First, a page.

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Sharpness

As with tone Canon have implemented sharpness in the parameter menu. This allows you to create up to three sets of parameters with differing sharpness settings. The EOS-1Ds breaks sharpening up into two factors; Sharpness level (0 is default) and Pattern sharpness (Standard is default).

  • Sharpness level: 0, 1, 2, 3, 4, 5
  • Pattern sharpness: Fine, Medium-Fine,
    Standard, Medium-Rough, Rough

Although it's not documented as such I suspect that the EOS-1Ds sharpening is very similar to an 'Unsharp mask' which is also always made up of two such parameters (I'd guess sharpness level = intensity, pattern sharpness = radius). The examples below represent just nine of the thirty possible sharpness combinations.

Settings: ISO 400 / Color matrix: 1 (sRGB) / Large, Fine (Q 6)

Pattern sharpness: Standard

Sharpness level: 0, Pattern sharpness: Standard
Sharpness level: 2, Pattern sharpness:Standard
Sharpness level: 4, Pattern sharpness: Standard

Pattern sharpness: Fine

Sharpness level: 0, Pattern sharpness: Fine
Sharpness level: 2, Pattern sharpness: Fine
Sharpness level: 4, Pattern sharpness: Fine

Pattern sharpness: Rough

Sharpness level: 0, Pattern sharpness: Rough
Sharpness level: 2, Pattern sharpness: Rough
Sharpness level: 4, Pattern sharpness: Rough

As you can see from these examples the default 0/Standard setting is fairly soft. This achieves two things, firstly it provides an image with low visible noise (and no sharpening artifacts), secondly it gives you more options for post-processing (and many EOS-1Ds shots will be post-processed). That said Canon has provided a very wide range of different sharpness options and it shouldn't take long for you to find a setting which you prefer. Personally I liked level 1 or 2 and Standard pattern, it sharpens the default image just enough to pull out the detail without enhancing higher ISO noise too much.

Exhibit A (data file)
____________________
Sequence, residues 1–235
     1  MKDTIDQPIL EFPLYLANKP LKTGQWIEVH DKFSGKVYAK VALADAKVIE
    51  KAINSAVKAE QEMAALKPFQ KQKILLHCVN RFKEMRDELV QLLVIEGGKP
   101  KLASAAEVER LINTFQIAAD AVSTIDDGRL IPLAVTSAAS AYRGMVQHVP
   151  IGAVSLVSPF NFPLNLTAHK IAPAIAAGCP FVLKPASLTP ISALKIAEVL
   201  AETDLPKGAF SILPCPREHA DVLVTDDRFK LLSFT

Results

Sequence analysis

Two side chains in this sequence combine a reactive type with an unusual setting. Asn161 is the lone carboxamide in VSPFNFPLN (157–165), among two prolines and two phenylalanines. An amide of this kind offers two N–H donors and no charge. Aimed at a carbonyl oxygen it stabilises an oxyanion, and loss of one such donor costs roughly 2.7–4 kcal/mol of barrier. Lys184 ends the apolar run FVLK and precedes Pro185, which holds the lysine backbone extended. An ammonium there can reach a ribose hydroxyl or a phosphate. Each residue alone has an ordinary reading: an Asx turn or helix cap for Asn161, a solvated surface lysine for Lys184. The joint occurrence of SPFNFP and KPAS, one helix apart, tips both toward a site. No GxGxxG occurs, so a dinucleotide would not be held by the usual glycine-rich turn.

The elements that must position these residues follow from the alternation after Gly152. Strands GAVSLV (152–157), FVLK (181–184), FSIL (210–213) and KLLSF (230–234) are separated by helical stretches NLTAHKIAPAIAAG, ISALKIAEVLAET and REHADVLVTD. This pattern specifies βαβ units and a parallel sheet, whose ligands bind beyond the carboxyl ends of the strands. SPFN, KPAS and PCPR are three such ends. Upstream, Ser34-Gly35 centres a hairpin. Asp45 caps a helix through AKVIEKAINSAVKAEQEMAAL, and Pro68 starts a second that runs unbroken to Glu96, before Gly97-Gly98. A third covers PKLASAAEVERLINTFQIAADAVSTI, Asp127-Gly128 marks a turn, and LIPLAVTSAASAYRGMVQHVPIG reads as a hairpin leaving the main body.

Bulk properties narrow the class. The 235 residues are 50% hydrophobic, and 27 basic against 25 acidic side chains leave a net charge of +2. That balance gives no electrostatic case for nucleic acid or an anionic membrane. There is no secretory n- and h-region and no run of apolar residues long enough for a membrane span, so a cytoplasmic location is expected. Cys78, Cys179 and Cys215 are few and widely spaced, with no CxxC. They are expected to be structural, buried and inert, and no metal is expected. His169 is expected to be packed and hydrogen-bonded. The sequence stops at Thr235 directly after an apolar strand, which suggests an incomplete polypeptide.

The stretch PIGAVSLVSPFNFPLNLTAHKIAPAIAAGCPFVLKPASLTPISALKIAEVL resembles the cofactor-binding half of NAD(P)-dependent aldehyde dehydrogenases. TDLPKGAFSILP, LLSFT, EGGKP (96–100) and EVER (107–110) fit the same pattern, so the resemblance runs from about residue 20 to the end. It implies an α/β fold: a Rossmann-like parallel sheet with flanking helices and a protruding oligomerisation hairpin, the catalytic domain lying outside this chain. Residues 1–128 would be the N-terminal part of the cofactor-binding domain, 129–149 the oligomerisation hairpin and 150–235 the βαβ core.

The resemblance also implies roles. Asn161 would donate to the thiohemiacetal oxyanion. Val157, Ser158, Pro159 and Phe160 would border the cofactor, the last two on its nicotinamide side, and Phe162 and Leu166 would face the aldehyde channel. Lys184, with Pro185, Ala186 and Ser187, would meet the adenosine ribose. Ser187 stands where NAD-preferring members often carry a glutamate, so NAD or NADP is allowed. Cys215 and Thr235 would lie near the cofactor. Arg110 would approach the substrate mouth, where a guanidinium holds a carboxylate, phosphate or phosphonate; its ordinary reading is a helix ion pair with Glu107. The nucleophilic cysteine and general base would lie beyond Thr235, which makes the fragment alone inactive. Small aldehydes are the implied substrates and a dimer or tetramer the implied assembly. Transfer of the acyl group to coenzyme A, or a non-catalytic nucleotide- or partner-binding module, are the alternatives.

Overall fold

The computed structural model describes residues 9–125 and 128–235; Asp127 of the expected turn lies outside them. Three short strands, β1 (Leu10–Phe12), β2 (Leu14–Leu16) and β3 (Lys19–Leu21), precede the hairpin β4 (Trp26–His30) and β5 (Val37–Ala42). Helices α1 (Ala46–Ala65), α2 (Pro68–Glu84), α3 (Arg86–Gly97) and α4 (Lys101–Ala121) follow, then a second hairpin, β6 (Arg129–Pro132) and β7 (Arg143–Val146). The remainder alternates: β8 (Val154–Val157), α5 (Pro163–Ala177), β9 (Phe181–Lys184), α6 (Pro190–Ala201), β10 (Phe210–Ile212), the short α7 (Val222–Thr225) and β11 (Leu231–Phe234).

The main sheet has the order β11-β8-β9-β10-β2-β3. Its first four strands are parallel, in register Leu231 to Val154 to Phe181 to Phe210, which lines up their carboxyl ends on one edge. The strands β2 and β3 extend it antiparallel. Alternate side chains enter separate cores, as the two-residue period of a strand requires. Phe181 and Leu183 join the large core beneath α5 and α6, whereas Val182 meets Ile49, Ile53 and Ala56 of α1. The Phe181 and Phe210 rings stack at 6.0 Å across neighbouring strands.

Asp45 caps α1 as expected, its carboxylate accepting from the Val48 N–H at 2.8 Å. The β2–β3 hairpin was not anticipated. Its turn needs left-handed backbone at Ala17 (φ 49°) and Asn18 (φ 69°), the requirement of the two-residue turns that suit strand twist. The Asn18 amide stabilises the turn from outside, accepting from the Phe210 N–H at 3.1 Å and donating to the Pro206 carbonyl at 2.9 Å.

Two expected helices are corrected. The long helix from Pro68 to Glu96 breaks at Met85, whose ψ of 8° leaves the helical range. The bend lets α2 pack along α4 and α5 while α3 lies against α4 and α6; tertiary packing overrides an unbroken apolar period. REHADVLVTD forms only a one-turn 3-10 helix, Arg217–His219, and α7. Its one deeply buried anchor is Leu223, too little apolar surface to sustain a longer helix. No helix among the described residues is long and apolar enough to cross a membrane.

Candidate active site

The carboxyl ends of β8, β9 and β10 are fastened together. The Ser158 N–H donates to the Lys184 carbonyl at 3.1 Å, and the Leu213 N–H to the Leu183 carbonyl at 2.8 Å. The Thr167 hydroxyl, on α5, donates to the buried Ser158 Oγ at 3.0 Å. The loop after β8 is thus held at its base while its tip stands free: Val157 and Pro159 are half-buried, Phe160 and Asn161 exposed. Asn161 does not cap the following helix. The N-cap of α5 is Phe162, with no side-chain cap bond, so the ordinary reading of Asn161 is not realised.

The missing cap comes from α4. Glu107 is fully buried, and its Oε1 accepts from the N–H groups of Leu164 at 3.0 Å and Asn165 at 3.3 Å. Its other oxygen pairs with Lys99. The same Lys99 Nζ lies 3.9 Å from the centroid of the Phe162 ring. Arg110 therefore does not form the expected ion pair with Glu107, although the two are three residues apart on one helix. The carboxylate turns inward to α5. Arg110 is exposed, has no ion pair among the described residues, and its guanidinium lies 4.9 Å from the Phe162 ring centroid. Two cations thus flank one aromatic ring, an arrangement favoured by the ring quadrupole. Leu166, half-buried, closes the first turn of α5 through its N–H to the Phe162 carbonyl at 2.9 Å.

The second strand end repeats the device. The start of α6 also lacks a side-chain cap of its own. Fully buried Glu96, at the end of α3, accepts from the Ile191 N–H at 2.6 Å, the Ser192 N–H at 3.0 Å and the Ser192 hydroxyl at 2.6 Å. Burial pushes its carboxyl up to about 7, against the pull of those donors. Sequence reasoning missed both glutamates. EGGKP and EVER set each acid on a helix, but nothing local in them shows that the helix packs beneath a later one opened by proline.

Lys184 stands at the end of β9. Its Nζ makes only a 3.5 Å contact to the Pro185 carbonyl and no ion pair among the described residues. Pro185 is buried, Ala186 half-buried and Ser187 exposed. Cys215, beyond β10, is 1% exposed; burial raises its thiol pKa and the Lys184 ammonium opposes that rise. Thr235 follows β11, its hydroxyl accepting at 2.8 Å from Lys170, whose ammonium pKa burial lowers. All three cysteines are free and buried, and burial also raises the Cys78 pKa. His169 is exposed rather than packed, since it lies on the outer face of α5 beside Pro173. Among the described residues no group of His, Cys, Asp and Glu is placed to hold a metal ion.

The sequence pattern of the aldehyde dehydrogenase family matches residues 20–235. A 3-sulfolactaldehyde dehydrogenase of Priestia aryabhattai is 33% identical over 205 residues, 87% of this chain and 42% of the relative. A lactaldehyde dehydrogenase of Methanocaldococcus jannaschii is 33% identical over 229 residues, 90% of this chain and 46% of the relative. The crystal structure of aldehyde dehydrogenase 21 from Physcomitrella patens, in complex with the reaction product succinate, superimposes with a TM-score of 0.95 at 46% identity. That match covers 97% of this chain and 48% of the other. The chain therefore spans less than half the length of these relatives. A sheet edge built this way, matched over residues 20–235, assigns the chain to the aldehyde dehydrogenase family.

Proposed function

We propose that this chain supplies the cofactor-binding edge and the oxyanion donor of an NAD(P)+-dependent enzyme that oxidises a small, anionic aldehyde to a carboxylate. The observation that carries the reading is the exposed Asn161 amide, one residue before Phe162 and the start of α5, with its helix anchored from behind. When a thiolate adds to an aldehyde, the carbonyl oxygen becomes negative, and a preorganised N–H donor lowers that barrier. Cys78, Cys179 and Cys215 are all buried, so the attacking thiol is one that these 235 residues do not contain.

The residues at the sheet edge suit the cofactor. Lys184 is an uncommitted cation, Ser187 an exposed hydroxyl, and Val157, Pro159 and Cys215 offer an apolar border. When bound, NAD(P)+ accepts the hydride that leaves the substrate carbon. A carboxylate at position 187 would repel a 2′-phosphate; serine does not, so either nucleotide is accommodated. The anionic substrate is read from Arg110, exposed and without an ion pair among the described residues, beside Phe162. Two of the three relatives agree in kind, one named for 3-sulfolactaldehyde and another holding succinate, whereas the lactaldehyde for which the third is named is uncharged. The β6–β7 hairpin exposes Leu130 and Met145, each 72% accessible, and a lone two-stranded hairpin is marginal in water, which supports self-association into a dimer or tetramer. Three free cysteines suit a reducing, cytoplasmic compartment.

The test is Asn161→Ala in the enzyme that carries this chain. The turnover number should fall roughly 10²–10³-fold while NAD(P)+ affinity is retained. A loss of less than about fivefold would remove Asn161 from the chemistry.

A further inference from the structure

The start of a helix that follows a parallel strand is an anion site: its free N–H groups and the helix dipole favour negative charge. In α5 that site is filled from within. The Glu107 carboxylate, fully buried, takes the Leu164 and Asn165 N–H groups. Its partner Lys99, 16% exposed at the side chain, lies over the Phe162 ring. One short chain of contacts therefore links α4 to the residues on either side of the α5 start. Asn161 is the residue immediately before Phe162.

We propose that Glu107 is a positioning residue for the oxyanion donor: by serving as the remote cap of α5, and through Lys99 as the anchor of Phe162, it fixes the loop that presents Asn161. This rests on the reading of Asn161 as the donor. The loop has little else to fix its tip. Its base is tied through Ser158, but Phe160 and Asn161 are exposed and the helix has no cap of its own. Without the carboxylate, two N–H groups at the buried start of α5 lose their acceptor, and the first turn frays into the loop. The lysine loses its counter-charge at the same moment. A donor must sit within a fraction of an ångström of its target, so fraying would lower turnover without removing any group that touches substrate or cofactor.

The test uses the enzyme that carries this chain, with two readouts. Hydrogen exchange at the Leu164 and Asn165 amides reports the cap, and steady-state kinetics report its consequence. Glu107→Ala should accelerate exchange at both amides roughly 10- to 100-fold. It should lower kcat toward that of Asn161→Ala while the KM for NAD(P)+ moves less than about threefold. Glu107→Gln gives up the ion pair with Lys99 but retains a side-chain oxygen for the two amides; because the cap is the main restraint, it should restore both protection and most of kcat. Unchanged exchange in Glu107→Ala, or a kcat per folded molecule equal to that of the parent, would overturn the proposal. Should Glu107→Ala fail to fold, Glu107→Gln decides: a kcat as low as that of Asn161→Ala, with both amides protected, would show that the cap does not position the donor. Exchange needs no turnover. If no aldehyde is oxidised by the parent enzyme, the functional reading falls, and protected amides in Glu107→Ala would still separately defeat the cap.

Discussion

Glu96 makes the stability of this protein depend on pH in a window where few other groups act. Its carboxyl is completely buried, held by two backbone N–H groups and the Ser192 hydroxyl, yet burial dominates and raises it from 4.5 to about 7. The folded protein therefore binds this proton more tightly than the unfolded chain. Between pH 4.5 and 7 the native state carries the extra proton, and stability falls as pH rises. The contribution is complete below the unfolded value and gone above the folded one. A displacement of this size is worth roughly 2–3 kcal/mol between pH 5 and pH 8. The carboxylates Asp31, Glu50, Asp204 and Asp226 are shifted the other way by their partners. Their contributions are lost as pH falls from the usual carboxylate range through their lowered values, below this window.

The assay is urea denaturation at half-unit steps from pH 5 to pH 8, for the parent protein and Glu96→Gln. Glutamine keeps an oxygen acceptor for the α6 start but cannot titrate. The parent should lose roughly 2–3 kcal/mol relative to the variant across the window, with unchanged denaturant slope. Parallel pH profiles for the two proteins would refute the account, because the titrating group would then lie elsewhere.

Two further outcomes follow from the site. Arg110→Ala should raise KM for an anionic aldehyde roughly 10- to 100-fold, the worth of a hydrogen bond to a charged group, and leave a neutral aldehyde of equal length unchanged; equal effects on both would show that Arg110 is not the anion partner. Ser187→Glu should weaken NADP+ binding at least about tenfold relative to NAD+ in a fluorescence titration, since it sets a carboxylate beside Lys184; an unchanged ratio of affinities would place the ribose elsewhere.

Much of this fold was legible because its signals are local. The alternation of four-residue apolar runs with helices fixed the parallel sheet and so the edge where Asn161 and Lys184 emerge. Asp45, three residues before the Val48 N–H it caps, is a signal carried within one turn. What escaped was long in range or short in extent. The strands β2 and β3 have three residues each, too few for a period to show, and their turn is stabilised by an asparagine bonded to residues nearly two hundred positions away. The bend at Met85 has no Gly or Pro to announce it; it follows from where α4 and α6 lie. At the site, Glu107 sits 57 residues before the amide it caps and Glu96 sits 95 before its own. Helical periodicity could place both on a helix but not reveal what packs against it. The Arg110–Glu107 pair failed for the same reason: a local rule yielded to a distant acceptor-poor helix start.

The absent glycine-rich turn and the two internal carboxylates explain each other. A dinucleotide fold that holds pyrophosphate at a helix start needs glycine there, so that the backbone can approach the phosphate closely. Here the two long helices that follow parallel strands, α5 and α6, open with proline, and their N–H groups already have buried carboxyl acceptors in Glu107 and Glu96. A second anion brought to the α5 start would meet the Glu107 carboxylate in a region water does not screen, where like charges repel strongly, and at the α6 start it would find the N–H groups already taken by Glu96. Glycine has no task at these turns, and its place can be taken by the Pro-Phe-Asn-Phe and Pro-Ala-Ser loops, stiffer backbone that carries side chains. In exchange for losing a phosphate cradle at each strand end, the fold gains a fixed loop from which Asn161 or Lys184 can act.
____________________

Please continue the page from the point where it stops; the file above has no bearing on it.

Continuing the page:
Color Matrix

The EOS-1D's interesting 'Color Matrix' option allows you to not only select between sRGB and Adobe RGB colour spaces but also provides four colour balance choices in the sRGB colour space. These five colour matrix settings equate to:

Color matrix Color space Balance
1 sRGB Normal
2 sRGB Tuned for portraits (skin tones)
3 sRGB Vivid colour (high saturation - like high chroma slide film)
4 Adobe RGB Normal
5 sRGB Wider gamut (may need saturation 'boost' later)

Below you'll find five versions of a Kodak Q-60R1 (IT8.7/2-1993, 1997:01) colour target, shot in one of each of the five color matrix settings. White balance was manual preset from a grey card.

Settings: ISO 400 / Parameters: Standard / Small, Fine

Color matrix 1 (sRGB) Color matrix 2 (sRGB portrait)
Color matrix 3 (sRGB high chroma) Color matrix 4 (Adobe RGB) *
 
Color matrix 5 (sRGB wide gamut)  

Color matrix 1 Color matrix 2 Color matrix 3 Color matrix 4 * Color matrix 5

* To view the color of this image accurately you must load the image into a color space aware application such as Adobe Photoshop and assign the color profile 'Adobe RGB'.

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